St Denis' churchyard:
There is more about St Denis (the saint) on the Wikipedia website.
NB As this is a fairly long page, double click on the horizontal rules to return to the top.
Flowers in St Denis' churchyard
and its management
Star of Bethlehem in the churchyard of St Denis, East Hatley, photographed 19th May 2014. Click on the photo for a larger image.
In June 2012, Siân Williams, Conservation Officer at The Wildlife Trust, surveyed the flora and fauna of St Denis churchyard, East Hatley, and produced a survey report, map and species list:
They compliment the churchyard management plan devised by Rob Mungovan, Ecology Officer at SCDC, for the ideal grass cutting times throughout the year.
There's more on how the churchyard is managed on the St Denis Nature Reserve Local Management Group page.
Insects in St Denis' churchyard
Report by John O'Sullivan
While cutting, strimming, raking and carting around St Denis on 14 August 2011, the participants came across a variety of wildlife.
Above us, a Buzzard (until quite recently, unheard-of in these parts) circled on broad wings and gave its distinctive mewing call. Plenty of Small White butterflies were enjoying the sunshine and a variety of ladybirds buzzed, or crawled, by.
The purple knapweed flowers at the north end of the churchyard, deliberately left uncut this time, played host to numerous insects, including the attractive, orange and black, Marmalade Hoverfly.
On the walls of the church, three species of cricket climbed out of our way; a sombre brown one was the Dark Bush-cricket, a bright green one probably the Oak Bush-cricket, and a Roesel’s Bush-cricket, a relative newcomer to Britain, showed off the distinctive lime-green horseshoe-shaped mark on its side.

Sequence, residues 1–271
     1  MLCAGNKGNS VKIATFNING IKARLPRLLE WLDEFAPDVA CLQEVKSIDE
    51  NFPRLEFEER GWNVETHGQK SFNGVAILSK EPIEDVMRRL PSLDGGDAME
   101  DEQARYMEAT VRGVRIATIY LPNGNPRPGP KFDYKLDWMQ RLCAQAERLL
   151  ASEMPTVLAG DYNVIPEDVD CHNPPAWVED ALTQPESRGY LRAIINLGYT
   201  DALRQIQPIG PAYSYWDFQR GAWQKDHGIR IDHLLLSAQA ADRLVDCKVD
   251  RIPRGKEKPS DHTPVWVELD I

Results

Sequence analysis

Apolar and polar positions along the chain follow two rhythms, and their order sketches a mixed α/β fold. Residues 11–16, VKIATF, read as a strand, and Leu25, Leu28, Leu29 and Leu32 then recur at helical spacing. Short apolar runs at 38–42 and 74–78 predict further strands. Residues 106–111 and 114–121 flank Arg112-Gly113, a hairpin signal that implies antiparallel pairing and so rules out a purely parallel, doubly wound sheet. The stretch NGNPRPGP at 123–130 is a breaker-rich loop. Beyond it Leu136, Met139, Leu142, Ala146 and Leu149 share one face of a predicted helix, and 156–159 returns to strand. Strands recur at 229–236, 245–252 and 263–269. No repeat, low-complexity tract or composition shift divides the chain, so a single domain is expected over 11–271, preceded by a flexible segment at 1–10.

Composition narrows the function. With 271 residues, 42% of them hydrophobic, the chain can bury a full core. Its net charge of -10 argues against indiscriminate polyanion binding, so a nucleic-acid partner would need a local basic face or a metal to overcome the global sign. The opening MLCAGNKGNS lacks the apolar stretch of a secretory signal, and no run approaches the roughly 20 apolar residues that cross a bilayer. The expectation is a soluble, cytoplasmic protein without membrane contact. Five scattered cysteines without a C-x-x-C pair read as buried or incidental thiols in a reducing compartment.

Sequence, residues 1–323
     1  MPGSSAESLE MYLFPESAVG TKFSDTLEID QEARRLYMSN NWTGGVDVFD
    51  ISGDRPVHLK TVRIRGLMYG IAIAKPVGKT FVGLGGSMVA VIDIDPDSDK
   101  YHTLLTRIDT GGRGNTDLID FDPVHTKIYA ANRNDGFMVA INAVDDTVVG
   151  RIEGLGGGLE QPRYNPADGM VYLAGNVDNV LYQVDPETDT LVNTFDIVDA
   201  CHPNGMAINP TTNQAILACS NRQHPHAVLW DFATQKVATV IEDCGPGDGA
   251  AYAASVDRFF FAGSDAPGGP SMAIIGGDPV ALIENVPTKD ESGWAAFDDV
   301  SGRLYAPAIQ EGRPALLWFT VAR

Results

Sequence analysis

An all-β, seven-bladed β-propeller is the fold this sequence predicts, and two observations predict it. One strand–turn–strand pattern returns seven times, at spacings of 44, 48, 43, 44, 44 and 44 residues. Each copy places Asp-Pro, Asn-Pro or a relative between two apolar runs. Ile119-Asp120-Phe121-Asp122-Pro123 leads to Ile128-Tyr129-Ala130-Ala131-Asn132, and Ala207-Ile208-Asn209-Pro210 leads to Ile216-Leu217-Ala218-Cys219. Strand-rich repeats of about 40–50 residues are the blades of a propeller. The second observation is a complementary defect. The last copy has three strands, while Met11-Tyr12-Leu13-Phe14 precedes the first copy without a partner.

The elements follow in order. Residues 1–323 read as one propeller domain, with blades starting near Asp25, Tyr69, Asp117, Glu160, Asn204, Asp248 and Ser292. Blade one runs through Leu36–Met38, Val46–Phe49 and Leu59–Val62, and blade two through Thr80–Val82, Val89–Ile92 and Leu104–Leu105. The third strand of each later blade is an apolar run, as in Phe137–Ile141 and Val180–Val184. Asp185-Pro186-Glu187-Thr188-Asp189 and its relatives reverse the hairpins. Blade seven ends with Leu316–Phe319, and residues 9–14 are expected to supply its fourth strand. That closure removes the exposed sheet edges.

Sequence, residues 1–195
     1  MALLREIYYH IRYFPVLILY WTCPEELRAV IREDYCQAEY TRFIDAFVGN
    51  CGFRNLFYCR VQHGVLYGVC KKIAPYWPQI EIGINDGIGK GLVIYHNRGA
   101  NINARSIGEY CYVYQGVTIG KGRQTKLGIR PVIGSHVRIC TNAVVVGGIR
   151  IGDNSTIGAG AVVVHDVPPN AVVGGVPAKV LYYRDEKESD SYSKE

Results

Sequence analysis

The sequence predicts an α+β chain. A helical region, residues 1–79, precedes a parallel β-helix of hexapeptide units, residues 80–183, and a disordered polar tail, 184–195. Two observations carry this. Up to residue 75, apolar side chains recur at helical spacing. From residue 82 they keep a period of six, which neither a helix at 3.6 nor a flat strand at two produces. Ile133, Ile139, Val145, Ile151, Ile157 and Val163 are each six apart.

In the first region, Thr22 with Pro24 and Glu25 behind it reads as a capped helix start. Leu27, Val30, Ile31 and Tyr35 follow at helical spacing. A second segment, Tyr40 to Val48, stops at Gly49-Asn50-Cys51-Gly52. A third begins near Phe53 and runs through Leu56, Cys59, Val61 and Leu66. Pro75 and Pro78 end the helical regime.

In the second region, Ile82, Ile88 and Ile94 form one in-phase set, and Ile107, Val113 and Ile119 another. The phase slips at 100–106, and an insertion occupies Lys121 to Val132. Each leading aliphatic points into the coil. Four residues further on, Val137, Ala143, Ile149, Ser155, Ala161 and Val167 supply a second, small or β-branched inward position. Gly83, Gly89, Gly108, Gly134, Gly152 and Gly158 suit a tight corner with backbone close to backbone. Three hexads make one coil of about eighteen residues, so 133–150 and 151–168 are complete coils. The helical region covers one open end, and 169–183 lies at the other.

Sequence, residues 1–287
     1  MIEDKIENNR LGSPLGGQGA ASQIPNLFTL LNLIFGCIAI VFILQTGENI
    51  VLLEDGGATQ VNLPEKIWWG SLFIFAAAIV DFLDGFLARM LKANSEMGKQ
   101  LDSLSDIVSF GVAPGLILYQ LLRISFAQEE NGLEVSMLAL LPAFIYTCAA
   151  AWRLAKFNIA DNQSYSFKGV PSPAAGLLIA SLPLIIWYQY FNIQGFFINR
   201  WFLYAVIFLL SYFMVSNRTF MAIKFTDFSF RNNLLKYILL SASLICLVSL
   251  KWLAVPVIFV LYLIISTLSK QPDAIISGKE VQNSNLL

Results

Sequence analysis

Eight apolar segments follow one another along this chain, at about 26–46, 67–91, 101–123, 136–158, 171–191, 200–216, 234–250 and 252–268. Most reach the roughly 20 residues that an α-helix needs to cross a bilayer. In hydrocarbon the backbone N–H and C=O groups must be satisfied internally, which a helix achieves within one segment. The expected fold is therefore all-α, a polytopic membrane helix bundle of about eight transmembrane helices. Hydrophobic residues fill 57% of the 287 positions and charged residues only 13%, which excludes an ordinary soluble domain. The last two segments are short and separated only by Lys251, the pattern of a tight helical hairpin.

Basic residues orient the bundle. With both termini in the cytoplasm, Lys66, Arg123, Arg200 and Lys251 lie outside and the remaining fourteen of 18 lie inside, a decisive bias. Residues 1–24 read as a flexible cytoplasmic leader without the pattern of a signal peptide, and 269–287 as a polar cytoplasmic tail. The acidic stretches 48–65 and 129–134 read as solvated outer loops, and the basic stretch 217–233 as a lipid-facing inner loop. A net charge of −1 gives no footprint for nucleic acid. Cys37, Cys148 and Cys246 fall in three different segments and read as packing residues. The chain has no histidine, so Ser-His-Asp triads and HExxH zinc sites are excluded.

Cave spider under St Denis:
Story and photo by John O'Sullivan
John O'Sullivan's photo of a Cave Spider in the cellar of St Denis, East Hatley, photographed July 2010. Click on the photo for a larger image.
Under St Denis’ Church something deadly lurks. Well, deadly if you are an insect or a slug.
This is the Cave Spider (Meta bourneti to specialists), which is quite harmless to other locals, including ourselves.
In fact, we have been able to help it – and the tiny cellar of St Denis, the former village church in East Hatley, is just to its liking.
Our spiders were introduced to their man-made ‘cave’ in 2006. Rob Mungovan, South Cambridgeshire District Council’s Ecology Officer, needed to find a good home for a population discovered in an old air raid shelter near Papworth Hospital that was being demolished for development.
Beneath St Denis’, which is set in its own Local Nature Reserve, looked suitable, and so it has proved, with the introduced population thriving and keeping up their numbers under Rob’s watchful eye.
Despite a leg-span of 5 cm, the adult spiders don’t move round much. They stay in the dark and await their prey.
When well-fed, the adult female lays her many eggs in a round white ball of silk that hangs from the wall or roof of the cellar, looking like a miniature ping-pong ball. The young spiders hatch into a world full of threats – and nationally this is an uncommon species.
So next time you pass through the churchyard, give our special spider a thought, and reflect that Hatley is doing its bit to help.
And if you'd like to see the spider in greater detail, just click on the picture...
Memorial inscriptions in the churchyards
Are you looking for gravestones of your ancestors?
Lists of memorial inscriptions in the churchyards of East Hatley and Hatley St George can be obtained on microfiche (number MI/66) from the Cambridgeshire Family History Society.
The Society has listed most parish graveyards in the county. See their website www.chfw.org.uk . The section, found under Activities, on Bookstall & Cambs FHS Publications, lists the fiche available and gives details for orders (either use the Quick Search facility or scroll down to 'Monumental Inscriptions').
Censuses and Parish Registers are also available.